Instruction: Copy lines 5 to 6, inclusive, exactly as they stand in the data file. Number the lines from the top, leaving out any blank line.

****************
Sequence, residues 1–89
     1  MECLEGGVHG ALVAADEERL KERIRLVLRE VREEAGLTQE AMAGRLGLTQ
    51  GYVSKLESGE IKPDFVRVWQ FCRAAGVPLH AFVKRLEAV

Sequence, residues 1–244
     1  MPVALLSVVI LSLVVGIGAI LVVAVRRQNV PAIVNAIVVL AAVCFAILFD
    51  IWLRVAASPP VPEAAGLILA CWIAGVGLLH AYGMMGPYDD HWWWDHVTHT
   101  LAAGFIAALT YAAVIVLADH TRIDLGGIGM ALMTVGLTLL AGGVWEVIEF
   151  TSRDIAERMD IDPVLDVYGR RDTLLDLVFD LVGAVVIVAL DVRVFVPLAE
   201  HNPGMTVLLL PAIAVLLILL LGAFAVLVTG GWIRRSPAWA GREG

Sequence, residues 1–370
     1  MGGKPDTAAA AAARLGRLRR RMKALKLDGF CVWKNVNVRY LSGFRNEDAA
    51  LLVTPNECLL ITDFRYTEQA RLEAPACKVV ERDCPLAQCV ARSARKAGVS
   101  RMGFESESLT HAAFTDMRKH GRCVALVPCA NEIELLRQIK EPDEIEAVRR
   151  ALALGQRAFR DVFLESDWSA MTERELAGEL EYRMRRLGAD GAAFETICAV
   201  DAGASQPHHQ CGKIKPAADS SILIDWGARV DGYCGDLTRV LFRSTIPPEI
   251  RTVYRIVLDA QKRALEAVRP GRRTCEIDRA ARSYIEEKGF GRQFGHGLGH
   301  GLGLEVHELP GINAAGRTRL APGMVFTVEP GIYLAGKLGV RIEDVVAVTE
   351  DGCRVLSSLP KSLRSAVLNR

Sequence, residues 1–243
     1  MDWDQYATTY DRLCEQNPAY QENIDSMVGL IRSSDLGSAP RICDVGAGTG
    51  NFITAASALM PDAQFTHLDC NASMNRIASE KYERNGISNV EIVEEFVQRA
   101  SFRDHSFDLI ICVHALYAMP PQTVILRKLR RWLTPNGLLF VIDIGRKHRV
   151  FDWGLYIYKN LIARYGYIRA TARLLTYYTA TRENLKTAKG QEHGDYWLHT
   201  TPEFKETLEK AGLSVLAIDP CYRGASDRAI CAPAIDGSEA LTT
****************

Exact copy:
     1  MPVALLSVVI LSLVVGIGAI LVVAVRRQNV PAIVNAIVVL AAVCFAILFD
    51  IWLRVAASPP VPEAAGLILA CWIAGVGLLH AYGMMGPYDD HWWWDHVTHT